Macquarie’s Nollen dropped his rating on Netflix to “underperform” from “neutral” and slashed his price target to $395 per share, adding that he was concerned about increased competition and how that could eat into the SVOD giant’s  international growth. 

“Competition is intensifying, especially internationally,” Nollen wrote “This is becoming a bigger problem now: for example a combined Discovery/Warner this year brings strong brand recognition to many countries, with lower-priced ad-supported tiers, while other players like Paramount [Plus] and NBCU are joining forces in Europe on distribution.”

At Evercore ISI, Mahaney dropped his rating on the shares from “outperform” to “in line,” reducing his 12-month price target from $710 to $525 per share. In a research note, Mahaney said that while there are many excuses for the Q4 miss and lower Q1 guidance -- including heightened near-term churn due to an expected U.S. price increase, increased competition, market maturity, the ongoing pandemic and the late Q1 release of key content like Bridgerton -- the “negative inflection implied by the Q1 guidance is significant.”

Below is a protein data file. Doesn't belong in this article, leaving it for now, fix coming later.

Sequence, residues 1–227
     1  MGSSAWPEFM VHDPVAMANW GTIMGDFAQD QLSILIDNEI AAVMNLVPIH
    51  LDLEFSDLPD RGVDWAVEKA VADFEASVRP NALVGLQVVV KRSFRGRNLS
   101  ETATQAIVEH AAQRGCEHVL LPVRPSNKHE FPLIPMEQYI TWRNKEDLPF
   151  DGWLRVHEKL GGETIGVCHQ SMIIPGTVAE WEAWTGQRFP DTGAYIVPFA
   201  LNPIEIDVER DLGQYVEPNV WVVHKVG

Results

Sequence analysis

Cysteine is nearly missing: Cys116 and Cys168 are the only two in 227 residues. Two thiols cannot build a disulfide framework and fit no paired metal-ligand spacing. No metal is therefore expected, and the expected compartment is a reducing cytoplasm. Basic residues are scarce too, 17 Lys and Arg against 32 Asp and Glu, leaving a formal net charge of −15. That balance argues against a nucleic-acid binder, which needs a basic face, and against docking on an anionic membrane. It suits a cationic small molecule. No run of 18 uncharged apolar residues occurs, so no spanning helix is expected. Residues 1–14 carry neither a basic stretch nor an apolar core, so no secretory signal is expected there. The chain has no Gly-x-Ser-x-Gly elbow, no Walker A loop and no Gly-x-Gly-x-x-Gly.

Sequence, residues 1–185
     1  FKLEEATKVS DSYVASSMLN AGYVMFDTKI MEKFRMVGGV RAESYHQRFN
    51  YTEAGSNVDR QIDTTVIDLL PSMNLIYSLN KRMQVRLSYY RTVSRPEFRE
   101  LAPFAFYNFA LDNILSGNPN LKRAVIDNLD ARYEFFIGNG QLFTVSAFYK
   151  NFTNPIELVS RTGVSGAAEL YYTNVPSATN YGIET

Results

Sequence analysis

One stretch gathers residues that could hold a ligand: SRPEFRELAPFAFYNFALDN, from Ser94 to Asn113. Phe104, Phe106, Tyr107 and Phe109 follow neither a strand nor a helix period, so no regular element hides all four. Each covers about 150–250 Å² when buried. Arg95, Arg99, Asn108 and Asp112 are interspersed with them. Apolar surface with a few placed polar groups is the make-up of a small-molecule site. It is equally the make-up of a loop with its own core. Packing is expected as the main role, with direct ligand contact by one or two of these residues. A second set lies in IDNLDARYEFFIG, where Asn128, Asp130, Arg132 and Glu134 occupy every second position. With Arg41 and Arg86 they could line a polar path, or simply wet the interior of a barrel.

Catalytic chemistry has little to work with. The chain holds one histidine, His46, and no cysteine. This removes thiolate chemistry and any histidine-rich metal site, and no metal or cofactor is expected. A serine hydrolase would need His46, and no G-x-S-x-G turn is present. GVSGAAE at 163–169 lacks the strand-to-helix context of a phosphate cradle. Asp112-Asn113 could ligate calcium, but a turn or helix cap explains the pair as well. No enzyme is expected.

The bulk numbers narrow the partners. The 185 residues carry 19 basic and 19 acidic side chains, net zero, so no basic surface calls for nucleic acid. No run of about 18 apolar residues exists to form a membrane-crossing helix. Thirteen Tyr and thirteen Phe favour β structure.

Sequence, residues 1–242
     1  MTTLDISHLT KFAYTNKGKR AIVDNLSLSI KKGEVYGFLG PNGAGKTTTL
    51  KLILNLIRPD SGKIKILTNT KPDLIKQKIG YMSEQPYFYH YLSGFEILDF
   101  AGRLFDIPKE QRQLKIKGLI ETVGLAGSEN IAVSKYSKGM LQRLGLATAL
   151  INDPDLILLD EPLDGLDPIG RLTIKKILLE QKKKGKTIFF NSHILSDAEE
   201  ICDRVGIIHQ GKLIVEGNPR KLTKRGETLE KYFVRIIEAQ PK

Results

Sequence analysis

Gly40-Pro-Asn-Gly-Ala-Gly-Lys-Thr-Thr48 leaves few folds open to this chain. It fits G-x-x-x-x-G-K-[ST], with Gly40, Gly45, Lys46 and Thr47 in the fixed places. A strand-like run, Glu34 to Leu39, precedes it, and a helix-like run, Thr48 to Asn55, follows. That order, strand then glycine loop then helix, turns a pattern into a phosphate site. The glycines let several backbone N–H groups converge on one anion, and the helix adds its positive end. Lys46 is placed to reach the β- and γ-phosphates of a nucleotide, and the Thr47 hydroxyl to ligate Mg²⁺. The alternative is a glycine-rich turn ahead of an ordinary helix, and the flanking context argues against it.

Mahaney dropped his full year 2022 subscriber growth estimates by nearly 40% to under 17 million new customers from 26 million previously. 

While Mahaney said this could be a one-off and Netflix could recover its subscriber mojo, he noted it also could be a sign of Netflix’s maturation in key markets. And though he wrote that he has been a consistent buyer during other ebbs and flows at the company -- this isn’t the first time it has missed quarter subscriber targets -- he believes this time may be different. 

In his note, he said the reason for the downgrade was twofold -- the Q1 guidance “implies a real, surprising negative inflection point in the company’s growth outlook;” and the shift changes his growth equation for the company from one based on unit and subscriber growth to one based on price and average revenue per customer, “which makes it less attractive/sustainable.” ■

Mike Farrell is senior content producer, finance for Multichannel News/B+C, covering finance, operations and M&A at cable operators and networks across the industry. He joined Multichannel News in September 1998 and has written about major deals and top players in the business ever since. He also writes the On The Money blog, offering deeper dives into a wide variety of topics including, retransmission consent, regional sports networks,and streaming video. In 2015 he won the Jesse H. Neal Award for Best Profile, an in-depth look at the Syfy Network’s Sharknado franchise and its impact on the industry.